By Anna Rice – Jan 26,2022
AMMAN — A majority of Jordanians, standing at 92 per cent, feel sympathetic towards refugees in Jordan, according to a newly released public opinion survey by UNHCR, the UN Refugee Agency, in partnership with NAMA Strategic Intelligence Solutions.
During a press conference in Amman on Wednesday, representatives from UNHCR, the Jordanian government and NAMA Strategic Intelligence Solutions released the findings of the survey covering Jordanians’ opinions on the Kingdom’s refugee population.
The survey covered representative samples comprising of 3,229 Jordanians from Amman (1,754), Irbid (916), Karak (299), and Mafraq (260) and is the third wave of a bi-annual survey conducted by NAMA SIS on behalf of UNHCR.
Key figures highlight that 76 per cent of Jordanians believe that the government’s approach towards refugees has been positive, echoing the results of surveys conducted in June 2021 and December 2020.
“Jordanians remain steadfast in their commitment to helping refugees,” said UNHCR Representative in Jordan Dominik Bartsch.
“But as refugees become increasingly intertwined in Jordanian society, we can no longer just consider their needs in isolation,” he added.
Indications of growing fatigue among the Jordanian host community are also emerging in the survey, with 39.2 per cent of respondents considering the Jordanian government’s refugee response “over-sufficient”, a number over triple that of the 12 per cent of respondents who gave the same answer in October 2020.
In the survey, around 64.3 per cent of respondents agreed that “Jordan should focus on helping Jordanians not refugees”.
There is a growing sense of dissatisfaction with a perceived inequality of support among Jordanian citizens, with 68 per cent of Jordanians believing that “refugees get more support”.
When looking at the effect of refugees on the Jordanian economy, more than three quarters of respondents indicated that jobs, wages and access to services have been negatively affected by refugees.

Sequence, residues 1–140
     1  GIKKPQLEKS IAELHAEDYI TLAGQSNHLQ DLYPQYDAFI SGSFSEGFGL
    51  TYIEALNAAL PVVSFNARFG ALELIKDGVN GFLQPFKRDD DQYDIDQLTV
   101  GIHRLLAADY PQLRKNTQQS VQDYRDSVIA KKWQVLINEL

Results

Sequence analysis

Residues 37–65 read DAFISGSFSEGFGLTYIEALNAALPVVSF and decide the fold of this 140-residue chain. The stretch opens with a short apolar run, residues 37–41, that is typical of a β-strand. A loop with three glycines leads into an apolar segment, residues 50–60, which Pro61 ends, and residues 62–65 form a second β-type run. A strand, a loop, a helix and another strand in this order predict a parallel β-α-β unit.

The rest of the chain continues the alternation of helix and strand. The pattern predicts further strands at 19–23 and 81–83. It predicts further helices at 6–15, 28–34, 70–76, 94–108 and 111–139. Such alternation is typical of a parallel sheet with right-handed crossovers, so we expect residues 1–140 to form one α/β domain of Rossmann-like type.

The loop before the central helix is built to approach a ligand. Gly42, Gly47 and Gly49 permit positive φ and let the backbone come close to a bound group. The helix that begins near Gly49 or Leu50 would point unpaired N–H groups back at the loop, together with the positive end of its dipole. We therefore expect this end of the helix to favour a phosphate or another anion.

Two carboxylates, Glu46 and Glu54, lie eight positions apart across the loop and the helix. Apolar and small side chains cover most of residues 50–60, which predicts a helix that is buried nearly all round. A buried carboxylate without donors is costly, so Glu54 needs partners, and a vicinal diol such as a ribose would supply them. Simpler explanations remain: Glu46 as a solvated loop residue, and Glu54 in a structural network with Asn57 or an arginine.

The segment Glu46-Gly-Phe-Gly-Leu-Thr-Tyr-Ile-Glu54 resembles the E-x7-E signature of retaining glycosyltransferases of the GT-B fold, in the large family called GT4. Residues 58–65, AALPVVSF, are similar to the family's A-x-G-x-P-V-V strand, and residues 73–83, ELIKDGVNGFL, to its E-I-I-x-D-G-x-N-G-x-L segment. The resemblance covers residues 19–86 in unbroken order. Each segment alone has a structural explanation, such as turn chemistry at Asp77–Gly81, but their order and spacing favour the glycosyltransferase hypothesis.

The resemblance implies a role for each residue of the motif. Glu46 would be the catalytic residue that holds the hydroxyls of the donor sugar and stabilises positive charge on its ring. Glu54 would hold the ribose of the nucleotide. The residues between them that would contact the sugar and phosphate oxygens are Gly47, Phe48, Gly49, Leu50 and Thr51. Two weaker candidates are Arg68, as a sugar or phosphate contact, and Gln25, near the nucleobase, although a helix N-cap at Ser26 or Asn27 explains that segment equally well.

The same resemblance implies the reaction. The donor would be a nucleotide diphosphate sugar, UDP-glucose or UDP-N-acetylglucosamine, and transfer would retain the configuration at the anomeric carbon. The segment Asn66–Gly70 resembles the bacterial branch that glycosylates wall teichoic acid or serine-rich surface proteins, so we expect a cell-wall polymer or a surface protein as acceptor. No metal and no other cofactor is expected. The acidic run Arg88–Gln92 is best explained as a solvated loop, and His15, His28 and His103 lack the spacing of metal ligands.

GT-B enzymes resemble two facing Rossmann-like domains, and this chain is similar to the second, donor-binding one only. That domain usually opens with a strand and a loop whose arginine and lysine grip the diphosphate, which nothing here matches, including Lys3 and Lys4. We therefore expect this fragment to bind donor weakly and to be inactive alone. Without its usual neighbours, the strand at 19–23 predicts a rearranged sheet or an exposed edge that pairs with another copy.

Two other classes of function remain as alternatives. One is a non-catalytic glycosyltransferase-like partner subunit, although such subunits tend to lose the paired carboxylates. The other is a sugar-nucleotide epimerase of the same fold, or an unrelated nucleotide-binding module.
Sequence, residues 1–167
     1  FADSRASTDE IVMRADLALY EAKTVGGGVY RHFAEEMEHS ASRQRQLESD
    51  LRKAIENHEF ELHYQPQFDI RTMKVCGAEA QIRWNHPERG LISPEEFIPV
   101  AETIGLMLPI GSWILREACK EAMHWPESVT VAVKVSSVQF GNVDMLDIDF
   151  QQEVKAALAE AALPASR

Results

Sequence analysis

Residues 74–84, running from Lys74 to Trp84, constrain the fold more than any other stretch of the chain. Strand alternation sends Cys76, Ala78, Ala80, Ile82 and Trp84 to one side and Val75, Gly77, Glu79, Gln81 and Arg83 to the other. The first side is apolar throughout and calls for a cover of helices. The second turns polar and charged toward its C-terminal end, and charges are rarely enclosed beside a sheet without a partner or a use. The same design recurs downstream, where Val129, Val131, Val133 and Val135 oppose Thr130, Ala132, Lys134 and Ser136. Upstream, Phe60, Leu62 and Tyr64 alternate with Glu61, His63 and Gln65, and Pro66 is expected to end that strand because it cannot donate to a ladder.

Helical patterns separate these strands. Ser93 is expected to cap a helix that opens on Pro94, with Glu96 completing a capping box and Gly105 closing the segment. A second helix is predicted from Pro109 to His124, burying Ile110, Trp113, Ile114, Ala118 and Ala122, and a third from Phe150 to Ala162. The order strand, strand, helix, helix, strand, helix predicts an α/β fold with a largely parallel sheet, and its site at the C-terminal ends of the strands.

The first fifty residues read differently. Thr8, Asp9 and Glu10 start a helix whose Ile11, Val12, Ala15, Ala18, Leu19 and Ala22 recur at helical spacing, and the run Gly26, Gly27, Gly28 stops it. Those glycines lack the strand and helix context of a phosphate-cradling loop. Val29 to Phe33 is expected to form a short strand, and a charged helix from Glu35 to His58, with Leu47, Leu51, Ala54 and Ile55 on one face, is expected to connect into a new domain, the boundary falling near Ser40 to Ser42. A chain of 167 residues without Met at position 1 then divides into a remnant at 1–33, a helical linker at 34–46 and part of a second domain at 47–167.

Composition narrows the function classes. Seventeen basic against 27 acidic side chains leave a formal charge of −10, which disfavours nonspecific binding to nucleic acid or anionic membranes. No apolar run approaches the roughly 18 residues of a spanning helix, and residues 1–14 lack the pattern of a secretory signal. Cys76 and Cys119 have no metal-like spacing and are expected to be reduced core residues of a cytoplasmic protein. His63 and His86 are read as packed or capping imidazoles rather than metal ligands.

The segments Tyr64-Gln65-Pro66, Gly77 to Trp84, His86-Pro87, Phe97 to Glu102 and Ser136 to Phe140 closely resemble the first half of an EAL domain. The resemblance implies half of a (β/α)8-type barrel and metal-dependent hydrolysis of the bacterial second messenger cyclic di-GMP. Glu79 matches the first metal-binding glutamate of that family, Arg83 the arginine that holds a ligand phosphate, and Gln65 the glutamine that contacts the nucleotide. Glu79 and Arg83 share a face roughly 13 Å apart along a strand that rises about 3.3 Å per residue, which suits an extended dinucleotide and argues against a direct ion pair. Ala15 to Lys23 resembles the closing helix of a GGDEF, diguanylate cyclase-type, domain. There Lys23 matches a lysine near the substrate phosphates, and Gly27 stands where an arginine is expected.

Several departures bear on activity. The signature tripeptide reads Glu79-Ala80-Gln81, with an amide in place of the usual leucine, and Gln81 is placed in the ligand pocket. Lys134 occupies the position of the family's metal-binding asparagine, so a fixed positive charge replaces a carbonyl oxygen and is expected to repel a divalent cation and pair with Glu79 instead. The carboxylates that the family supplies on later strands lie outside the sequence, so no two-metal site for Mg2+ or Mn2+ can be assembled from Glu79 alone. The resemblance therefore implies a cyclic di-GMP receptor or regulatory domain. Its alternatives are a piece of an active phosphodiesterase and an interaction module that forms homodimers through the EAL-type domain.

However, most Jordanians said that the pandemic had not changed their perception of refugees, although most believed that they had been more adversely affected compared with their refugee neighbours.
These statistics align with Bartsch’s comment that the slight increase in negative opinions of Jordanians regarding refugees’ economic impact did not indicate a “volatile movement in perception”, but rather a “fairly steady pathway”.
“Over the past three waves of this survey, we have seen a changing trend in Jordanian public opinion towards refugees that is associated with the worsening economic conditions of Jordanians,” said Fares Braizat, chairperson of NAMA Strategic Intelligence Solutions.
“As this study shows, 59 per cent of Jordanians believe refugees affected Jordan’s economy, of which 78.4 per cent of them reported that refugees affected their economic situation negatively,” he added.
According to Mohammed Momani, former minister of state for media affairs and government spokesperson, these figures concerning refugees’ economic impact in Jordan are not overly surprising considering the Kingdom’s “25 per cent unemployment rate”.
“It is essential to help both the refugee population and the host community, and to increase communication between these two sectors,” he said during the conference.
Additionally, Momani expressed concern over the potential for “donor fatigue”, where international donors would begin to withdraw some of their funding. Continuous donor support coupled with better communication between host and refugee communities would provide the “recipe for stability”, which, in his statements, he referred to as the “name of the game” for current refugee support.
During the conference, representatives of the international community in Jordan re-emphasised their support to bolster efforts to support refugees and Jordanians alike and work towards the greater inclusion of refugees in national systems.
This article was originally published in The Jordan Times on January 26, 2022. For the original article source, click here.